Washington Extra – hello goodbye

January 5, 2011

She says goodbye and he says hello.

The House Speaker’s (HUGE) gavel changed hands today, symbolizing the transfer of power to Republicans. Outgoing speaker Nancy Pelosi, attacked by Republicans as a symbol of Democratic excesses, took the high road as she repeatedly congratulated new House Speaker John Boehner and his Republican majority.

Boehner started off with some levity and humility — “It’s still just me.” And he didn’t disappoint those watching for his now trademark show of emotion when he dabbed his eyes with a white handkerchief while standing behind Pelosi before the handover. Reuters photojournalist Kevin Lamarque captured the moment, you can see it on our politics blog at http://blogs.reuters.com/frontrow/ OBAMA/STAFF-GIBBS

There were goodbyes emanating from the White House too. President Barack Obama’s spokesman Robert Gibbs is stepping down from the White House press room podium. “What I’m going to do next is step back a little bit, recharge some … I will have an opportunity I hope to give some speeches. I will continue to provide advice and counsel to this building and to this president.”

And another unannounced goodbye to come from Paul Volcker. In an exclusive, White House correspondent Caren Bohan reports that Volcker plans to leave as head of the President’s Economic Recovery Advisory Board.

Now we just have to watch for who will be saying hello at the White House.

Here are our top stories from Washington today…

Republicans take over U.S. House, soften cuts

Republicans took power in the House of Representatives with promises of a leaner, more accountable government but softened a pledge of deep and immediate spending cuts that helped them win November’s election. The Republican takeover sets up potentially fierce battles in the coming months with President Barack Obama and his fellow Democrats on spending, debt and healthcare.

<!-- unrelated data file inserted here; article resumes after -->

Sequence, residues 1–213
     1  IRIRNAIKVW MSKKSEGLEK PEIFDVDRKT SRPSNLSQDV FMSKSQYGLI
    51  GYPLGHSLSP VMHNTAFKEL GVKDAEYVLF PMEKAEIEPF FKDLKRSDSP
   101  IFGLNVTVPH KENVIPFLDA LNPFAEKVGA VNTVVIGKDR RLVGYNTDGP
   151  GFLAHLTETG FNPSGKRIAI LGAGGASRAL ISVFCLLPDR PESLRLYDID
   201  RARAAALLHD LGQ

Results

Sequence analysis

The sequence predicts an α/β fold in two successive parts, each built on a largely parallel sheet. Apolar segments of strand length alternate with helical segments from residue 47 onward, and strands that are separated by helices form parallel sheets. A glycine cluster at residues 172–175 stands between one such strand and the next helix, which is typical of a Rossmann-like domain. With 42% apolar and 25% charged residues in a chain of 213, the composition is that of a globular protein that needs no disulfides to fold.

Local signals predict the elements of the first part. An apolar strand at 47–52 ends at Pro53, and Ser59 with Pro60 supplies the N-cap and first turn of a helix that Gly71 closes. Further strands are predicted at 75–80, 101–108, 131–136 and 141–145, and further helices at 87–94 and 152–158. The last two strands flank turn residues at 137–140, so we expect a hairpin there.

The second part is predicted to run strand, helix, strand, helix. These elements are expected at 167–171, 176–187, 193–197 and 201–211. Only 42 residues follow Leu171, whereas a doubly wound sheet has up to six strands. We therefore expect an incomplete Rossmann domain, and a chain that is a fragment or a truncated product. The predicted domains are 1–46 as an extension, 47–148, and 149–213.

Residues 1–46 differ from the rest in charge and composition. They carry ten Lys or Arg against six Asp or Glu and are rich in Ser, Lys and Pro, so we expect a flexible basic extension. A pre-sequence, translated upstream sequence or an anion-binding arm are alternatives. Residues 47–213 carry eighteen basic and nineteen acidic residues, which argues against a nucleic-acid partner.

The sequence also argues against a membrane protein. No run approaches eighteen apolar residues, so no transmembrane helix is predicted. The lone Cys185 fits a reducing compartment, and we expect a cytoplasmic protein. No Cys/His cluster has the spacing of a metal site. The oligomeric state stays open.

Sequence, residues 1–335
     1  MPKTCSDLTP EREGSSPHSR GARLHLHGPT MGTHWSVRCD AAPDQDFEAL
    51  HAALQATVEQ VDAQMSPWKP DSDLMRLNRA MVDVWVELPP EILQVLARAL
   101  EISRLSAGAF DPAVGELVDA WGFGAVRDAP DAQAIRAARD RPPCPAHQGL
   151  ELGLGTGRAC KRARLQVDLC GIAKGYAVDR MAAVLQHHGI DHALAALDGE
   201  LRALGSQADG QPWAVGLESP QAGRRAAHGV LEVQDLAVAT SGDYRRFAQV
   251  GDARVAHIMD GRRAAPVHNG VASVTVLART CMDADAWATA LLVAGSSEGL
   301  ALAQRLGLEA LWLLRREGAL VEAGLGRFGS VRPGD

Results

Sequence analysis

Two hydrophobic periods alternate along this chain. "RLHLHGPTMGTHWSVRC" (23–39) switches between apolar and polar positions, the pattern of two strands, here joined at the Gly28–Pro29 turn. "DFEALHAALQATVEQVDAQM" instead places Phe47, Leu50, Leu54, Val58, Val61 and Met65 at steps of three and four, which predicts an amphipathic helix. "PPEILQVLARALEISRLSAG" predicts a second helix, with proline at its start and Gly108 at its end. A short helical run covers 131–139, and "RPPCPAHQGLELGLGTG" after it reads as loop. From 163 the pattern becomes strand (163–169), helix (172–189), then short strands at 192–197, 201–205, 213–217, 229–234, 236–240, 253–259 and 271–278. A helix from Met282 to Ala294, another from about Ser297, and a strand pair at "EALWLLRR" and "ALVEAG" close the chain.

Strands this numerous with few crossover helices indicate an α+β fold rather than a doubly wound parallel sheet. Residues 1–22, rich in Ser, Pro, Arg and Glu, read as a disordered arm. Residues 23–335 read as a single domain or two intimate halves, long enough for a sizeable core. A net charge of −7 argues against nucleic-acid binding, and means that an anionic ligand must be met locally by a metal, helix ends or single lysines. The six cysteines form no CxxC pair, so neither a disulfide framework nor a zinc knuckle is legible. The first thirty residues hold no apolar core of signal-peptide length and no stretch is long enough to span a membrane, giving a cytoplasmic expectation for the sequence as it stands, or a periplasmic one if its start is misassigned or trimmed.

For more of this story by Thomas Ferraro and Andy Sullivan, read here.

For a factbox on committee chairs in the Republican-led House, click here.

From heartland to House speaker, Boehner eyes cuts

John Boehner, the product of a tough upbringing in America’s heartland, will bring a natural mistrust of big government when he takes over as speaker of the House of Representatives. The conservative Republican — a former small businessman who worked his way through college as a janitor — will be in a position to slam the brakes on President Barack Obama’s largely liberal agenda, push spending cuts and shake up Washington.

For more of this story by Thomas Ferraro, read here.

Volcker to step down as head of White House panel

Former Federal Reserve Chairman Paul Volcker plans to leave his role as head of panel of experts advising President Obama on the economy, sources familiar with the decision said.

For more of this exclusive story by Caren Bohan, read here.

White House press secretary Robert Gibbs to resign

White House press secretary Robert Gibbs, one of President Obama’s closest aides, will resign and become an outside adviser for the re-election campaign as part of a major staff shake-up. A successor is expected to be named within the next couple of weeks. The short list includes Vice President Joe Biden’s top spokesman, Jay Carney, and two of Gibbs’ deputies, Bill Burton and Josh Earnest.

For more of this story by Steve Holland, read here.

New Congress to hone in on Afghan aid